Comments

  • No comments made yet. Be the first to submit a comment

Leave your comment

Guest Tuesday, 19 February 2019

Blog Categories

Tag Cloud

Absorb pollution women and work award BBC summer garden cottage gardens RHS Chelsea bees Daffodils terracota composting September garden alpines May garden Herb garden February Alys Fowler July garden garden advice at home birch saving water garden design tip Moss Bank Park bulb display London Buxus CorTen steel wild flowers Euphorbia Malvern Spring Show Levens Hall HNC Great British Garden Revival Stone Lane Gardens Prince Harry National Trust Alan Titchmarsh movement in the garden Coastal plants Laurel Geranium Shrubs Kensington Roof Garden courtyard Cosmos astrosanguineus Wisley house plants twitter Stoneleigh January garden hosepipe Lawrence Johnston green spaces winner August garden November garden wildlife March garden rococo surfaces herbs Selfridges Roof Garden Chelsea Flower Show plants spring bulbs Joseph Banks Echinacea unity Trees planning your garden Matt James Gardeners World Decking HTA Greenhouse pollinating insects eco-friendly garden room RHS Malvern kitchen garden October garden pollinators Charlie Dimmock water feature Ilex Highgrove acer spring garden edible garden show Capability Brown John Massey GYO Cut flowers Seed sowing contemporary Briza maxima Kelmarsh Hall grow your own Berberis New York Highline RHS Hampton Court Hidcote water roof gardens James Wong gardening on tv lawn care Snowdrops Floating Paradise Gardens of London build pond reclaimed materials Crocus garden Taxus deer ha ha topiary Nicki Jackson timber February garden front garden hard landscaping Glasshouse Wildflowers Birmingham Library Lantra legacy gift sunflowers Sophie Raworth Cloches hydroponic water conservation Berginia paving garden focal points Jekka McVicar Achillea drought Urban Heat Island Chris Beardshaw Bamboo stonemarket Horticulture sweat peas Events & Shows career in horticulture herbaceous borders Monty Don rosemary sorbus recycled materials elm ornamental grasses traditional style Cambridge botanical garden Hosta structure Futurescape Horticultural Joe Swift Chelsea Physic Garden Tom Hart-Dyke gravel Kew Gardens Mrs Loudon ash heatwave sound in the garden winter garden rock gardens Phyllostachys nigra April garden Herb December garden National Gardening Week Horticulturalist snow Malvern Hills grey water CorTen Winter shrubs scented shrubs garden design Carol Klein cottage garden Toby Buckland doddington hall vertical garden form autumn garden Blue Daisy RHS productive garden cyclamen Rachel de Thame watering can show gardens plant pots Garden Planning poppies bulbs pests blue Spring shrubs RHS Tatton Park Perennial patio garden design trends Narcissus Joanna Lumley repetition NSALG water butt basil Acuba rainwater harvesting roof garden Ashwood Nurseries Urban Heat Island Effect Fleece colour in your garden kerb-side appeal watering June garden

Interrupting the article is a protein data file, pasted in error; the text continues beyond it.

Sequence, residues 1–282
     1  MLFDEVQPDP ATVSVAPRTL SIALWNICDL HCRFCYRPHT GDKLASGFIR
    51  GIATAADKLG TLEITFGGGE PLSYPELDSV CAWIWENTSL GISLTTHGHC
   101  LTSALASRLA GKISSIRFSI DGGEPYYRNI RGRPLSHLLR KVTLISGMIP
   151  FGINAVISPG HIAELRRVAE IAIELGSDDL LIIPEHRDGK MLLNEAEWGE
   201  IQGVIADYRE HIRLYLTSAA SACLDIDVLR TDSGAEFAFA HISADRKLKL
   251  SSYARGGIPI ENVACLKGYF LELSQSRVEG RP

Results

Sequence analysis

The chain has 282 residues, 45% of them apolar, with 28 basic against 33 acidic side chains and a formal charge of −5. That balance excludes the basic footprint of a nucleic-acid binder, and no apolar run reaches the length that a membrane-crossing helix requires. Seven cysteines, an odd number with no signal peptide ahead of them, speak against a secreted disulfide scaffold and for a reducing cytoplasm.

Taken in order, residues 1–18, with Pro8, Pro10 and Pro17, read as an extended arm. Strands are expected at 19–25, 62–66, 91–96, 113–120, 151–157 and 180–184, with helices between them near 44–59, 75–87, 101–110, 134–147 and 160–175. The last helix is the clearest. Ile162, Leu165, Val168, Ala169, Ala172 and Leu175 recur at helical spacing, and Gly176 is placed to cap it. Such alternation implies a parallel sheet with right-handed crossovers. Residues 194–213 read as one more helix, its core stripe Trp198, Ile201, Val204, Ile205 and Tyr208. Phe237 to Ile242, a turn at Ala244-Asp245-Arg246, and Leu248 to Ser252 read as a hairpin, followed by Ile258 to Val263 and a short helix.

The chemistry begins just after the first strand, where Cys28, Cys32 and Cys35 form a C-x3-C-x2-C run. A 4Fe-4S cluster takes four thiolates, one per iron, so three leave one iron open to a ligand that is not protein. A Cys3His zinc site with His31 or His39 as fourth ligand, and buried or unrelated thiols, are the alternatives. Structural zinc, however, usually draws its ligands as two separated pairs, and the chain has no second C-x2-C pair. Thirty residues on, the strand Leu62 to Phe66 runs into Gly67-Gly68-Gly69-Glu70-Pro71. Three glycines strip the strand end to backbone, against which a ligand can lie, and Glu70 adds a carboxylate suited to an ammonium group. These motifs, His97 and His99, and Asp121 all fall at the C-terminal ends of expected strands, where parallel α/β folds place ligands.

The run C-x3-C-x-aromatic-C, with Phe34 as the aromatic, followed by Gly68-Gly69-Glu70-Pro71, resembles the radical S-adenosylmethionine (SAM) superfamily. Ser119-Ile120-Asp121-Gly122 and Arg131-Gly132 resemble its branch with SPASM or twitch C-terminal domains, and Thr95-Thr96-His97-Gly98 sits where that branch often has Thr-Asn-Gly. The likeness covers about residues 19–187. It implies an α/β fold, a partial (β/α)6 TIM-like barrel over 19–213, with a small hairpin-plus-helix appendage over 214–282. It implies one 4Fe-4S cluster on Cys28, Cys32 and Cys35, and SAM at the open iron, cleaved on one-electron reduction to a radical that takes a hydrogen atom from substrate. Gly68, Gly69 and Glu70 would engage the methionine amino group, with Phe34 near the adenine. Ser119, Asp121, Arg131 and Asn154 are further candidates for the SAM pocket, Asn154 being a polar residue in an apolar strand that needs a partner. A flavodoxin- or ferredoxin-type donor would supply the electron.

Welcome to Blue Daisy Blog



Our Promise

promiseWe work hard to keep our customers happy.  We work to a voluntary customer charter.

Peace of Mind

simplybusinessWe take our responsibilities seriously so we're insured through Simply Business.

Click on the logo for our Garden Design insurance details. For Gardening details see our gardening services page.

Proud Members Of...

landscapejuicen... The Landscape Juice Network where we interact with other professional gardeners, designers and landscapers.